Rival Libyan military officers have agreed on steps towards cementing a ceasefire deal reached last month, UN acting envoy to Libya Stephanie Williams said on Tuesday. A meeting of a joint military commission to discuss the agreement opened on M...
Rival Libyan military officers have agreed on steps towards cementing a ceasefire deal reached last month, UN acting envoy to Libya Stephanie Williams said on Tuesday.
A meeting of a joint military commission to discuss the agreement opened on Monday, on home soil for the first time.
The sides agreed to establish a military subcommittee to oversee the withdrawal of military forces to their respective bases and the departure of foreign forces from the front lines, Ms Williams said.
The commission also decided to meet in Sirte as soon as possible and make the central coastal city its headquarters, Ms Williams said.
Sirte has been on the front line of recent conflict since mid-June.
The US embassy in Libya welcomed the development and said it was “encouraged that the overwhelming majority of Libyans are working in good faith to seize these historic opportunities for Libya to restore its sovereignty and achieve a brighter future”.
“The embassy stands with those Libyans who reject violence, oppose foreign manipulation, and come together in peaceful and patriotic dialogue,” it said.
The meeting follows a permanent ceasefire agreement signed by the warring factions in Switzerland last month, intended to pave the way towards a political solution to the country’s conflict.
Talks are taking place in the remote desert oasis of Ghadames, about 465 kilometres south-west of the capital Tripoli. It is near Libya’s borders with both Algeria and Tunisia, far from the power base of either side.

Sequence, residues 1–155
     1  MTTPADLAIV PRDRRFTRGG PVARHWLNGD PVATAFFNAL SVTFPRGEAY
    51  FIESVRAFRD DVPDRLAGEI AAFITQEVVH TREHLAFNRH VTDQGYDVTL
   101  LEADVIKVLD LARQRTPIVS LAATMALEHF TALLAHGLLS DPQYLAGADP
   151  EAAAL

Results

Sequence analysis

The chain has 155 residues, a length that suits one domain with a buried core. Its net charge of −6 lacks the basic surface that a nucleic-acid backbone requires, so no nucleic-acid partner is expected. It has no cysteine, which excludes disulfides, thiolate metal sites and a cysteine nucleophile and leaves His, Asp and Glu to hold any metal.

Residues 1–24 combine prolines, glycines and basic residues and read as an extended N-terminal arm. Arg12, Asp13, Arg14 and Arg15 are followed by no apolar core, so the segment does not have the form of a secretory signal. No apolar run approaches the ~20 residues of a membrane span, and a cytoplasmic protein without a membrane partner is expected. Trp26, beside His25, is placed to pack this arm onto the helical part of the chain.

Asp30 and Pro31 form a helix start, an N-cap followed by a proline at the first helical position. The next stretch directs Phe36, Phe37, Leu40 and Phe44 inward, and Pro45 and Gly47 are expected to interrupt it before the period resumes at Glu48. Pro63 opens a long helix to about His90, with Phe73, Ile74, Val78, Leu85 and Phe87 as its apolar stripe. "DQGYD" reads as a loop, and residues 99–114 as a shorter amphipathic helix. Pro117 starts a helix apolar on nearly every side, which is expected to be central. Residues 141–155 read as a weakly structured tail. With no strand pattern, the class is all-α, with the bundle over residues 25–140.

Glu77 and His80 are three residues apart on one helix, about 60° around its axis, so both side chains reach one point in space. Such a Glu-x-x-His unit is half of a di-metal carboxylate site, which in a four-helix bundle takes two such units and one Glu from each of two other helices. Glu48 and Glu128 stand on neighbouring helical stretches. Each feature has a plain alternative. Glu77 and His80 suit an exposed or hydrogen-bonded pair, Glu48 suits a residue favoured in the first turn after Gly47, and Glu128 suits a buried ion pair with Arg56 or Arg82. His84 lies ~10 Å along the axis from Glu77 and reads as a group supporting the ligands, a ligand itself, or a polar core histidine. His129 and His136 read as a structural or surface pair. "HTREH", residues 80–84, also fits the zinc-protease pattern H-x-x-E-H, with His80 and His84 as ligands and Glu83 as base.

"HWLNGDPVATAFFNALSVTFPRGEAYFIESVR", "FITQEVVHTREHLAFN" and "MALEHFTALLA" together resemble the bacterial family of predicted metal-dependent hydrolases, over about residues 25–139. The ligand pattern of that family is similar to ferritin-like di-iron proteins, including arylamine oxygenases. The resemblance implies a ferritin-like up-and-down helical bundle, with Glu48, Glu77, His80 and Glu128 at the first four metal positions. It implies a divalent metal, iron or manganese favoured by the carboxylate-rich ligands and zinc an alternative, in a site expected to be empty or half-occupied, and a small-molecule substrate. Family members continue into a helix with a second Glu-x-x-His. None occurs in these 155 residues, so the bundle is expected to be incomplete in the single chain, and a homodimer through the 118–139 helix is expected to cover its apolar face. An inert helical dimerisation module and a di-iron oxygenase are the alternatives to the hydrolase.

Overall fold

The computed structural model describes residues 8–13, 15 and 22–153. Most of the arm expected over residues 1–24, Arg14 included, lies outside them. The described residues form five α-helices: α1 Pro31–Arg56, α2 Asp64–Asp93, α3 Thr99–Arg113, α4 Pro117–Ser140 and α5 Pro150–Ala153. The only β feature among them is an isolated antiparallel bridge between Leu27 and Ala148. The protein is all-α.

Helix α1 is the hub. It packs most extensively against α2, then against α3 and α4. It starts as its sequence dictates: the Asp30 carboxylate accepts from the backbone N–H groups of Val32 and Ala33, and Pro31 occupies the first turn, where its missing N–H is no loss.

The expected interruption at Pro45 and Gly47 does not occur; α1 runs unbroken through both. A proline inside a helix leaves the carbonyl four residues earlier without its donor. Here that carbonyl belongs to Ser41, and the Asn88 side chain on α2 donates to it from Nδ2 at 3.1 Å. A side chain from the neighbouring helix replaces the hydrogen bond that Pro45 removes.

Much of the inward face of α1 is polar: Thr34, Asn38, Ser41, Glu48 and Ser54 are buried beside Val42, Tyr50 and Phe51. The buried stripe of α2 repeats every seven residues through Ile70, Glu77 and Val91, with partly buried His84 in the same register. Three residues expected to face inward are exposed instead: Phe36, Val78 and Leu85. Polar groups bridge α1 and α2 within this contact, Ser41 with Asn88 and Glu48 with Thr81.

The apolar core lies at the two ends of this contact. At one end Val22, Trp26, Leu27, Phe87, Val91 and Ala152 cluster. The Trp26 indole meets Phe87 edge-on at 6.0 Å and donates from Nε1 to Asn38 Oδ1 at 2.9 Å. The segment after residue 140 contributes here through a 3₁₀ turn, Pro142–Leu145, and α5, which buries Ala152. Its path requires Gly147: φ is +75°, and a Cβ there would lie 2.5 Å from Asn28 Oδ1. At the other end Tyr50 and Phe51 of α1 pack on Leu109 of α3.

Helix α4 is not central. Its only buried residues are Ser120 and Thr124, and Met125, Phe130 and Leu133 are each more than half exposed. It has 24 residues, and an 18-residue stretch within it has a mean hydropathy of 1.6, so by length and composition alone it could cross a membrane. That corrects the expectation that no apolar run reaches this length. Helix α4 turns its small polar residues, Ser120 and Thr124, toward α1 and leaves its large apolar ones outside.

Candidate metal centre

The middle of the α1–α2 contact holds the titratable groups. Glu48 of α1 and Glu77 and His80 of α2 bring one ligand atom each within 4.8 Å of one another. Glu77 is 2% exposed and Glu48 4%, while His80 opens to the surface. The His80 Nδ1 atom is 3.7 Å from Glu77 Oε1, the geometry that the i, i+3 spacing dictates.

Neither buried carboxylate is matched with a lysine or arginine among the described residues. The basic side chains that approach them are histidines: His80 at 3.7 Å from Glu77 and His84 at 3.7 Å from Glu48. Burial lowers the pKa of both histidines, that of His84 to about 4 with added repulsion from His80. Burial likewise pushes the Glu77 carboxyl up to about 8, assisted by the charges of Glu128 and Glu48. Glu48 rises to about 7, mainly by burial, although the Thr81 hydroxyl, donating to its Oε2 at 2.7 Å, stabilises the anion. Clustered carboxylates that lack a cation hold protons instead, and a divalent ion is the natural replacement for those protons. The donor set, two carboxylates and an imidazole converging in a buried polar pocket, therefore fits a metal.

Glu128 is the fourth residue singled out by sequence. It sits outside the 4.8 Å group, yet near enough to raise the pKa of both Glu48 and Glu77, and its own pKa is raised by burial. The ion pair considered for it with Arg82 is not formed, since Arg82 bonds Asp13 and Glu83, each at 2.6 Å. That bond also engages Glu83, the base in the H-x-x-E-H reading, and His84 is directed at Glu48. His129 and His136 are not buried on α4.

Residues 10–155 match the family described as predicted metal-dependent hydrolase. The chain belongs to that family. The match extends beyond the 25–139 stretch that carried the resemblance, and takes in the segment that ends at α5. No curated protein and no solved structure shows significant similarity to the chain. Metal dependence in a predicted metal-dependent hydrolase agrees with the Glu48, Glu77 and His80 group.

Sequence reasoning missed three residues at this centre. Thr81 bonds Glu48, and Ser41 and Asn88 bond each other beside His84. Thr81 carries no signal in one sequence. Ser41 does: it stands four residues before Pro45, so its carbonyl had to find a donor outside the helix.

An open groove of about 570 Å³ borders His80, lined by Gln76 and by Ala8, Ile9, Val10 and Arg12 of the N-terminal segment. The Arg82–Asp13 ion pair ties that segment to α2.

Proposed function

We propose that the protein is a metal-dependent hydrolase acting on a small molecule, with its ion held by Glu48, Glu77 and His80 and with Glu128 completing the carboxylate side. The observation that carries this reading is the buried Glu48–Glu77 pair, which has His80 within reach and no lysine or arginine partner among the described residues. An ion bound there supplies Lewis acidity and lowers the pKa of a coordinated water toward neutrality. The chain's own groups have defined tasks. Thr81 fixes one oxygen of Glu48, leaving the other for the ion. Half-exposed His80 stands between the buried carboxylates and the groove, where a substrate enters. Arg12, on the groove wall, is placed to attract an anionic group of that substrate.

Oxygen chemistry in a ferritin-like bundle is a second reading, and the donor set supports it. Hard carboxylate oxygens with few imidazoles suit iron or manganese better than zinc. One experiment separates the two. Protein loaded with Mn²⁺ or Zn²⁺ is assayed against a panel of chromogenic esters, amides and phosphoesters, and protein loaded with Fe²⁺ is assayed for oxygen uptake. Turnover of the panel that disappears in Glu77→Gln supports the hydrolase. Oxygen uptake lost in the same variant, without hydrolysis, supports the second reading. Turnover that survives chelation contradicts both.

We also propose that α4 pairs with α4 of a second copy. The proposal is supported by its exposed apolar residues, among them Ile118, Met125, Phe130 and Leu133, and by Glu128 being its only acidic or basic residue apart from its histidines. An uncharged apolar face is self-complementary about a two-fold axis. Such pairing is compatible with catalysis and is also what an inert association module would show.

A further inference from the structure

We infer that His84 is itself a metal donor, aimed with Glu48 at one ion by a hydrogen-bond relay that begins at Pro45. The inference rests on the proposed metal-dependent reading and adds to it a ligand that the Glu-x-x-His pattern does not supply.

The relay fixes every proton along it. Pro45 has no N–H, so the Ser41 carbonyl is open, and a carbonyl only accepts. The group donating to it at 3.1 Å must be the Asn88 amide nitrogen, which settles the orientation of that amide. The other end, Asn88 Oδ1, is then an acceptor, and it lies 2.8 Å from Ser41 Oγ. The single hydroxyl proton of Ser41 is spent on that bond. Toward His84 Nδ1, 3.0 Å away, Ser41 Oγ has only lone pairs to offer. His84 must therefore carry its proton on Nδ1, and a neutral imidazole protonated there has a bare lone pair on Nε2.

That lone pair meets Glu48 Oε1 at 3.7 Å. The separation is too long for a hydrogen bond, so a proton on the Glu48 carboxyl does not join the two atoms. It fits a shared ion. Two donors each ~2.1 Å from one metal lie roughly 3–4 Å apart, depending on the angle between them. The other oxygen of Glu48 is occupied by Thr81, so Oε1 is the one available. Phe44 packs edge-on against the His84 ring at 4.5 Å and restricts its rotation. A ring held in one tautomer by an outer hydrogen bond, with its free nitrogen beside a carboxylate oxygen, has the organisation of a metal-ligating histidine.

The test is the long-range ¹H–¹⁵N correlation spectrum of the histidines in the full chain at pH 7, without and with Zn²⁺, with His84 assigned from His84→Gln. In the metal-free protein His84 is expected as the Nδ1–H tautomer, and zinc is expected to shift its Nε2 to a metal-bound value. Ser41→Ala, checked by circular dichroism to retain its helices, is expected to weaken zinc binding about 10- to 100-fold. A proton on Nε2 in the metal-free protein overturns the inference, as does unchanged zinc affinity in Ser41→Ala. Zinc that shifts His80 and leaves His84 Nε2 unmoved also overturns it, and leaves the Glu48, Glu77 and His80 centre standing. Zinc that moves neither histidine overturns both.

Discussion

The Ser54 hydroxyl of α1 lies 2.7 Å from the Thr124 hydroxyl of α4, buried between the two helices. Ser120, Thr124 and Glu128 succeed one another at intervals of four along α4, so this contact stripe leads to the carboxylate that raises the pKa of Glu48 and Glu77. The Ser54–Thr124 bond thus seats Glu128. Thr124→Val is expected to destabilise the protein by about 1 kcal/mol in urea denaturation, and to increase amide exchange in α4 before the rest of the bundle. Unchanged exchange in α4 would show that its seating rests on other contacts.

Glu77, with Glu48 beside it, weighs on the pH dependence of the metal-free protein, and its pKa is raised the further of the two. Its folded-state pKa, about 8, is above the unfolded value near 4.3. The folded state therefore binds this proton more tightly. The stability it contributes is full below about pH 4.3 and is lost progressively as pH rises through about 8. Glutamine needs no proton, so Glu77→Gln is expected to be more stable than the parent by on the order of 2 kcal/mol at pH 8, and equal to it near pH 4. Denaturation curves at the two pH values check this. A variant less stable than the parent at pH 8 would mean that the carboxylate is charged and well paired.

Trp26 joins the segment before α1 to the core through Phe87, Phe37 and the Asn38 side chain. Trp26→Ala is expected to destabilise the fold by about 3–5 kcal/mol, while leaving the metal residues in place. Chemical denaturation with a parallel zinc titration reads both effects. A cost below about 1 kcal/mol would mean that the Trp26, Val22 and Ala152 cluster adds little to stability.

Ms Williams said a meeting on reunifying the Petroleum Facilities Guards would be held on November 16 at the Brega terminal, while air links with Ghadames and with Sebha in the south would be restored immediately.
Libya’s oil production, a vital source of income, has been repeatedly paused as various groups seized and blockaded critical installations and export terminals.
The Guards, under the control of Libya’s defence ministry before the country’s 2011 revolution, have since morphed into armed groups with shifting allegiances.
The commission also urged the UN Security Council to swiftly adopt a binding resolution to implement the Geneva ceasefire agreement, Ms Williams said.
Libya, with Africa’s largest proven crude oil reserves, has been wracked by conflict for nearly a decade, since the removal and killing of dictator Muammar Qaddafi in a Nato-backed uprising in 2011.
It has since been dominated by armed groups and divided between two bitterly opposed administrations: the UN-recognised Government of National Accord based in the capital Tripoli and a rival administration in the east backed by Field Marshal Khalifa Haftar.
The talks in Ghadames are part of long-running efforts to broker peace.
Warring factions returned to the negotiating table in September in UN-supported talks, with negotiations held in Morocco, Egypt and Switzerland.
On November 9, the political leaders are due to hold face-to-face talks in Tunisia.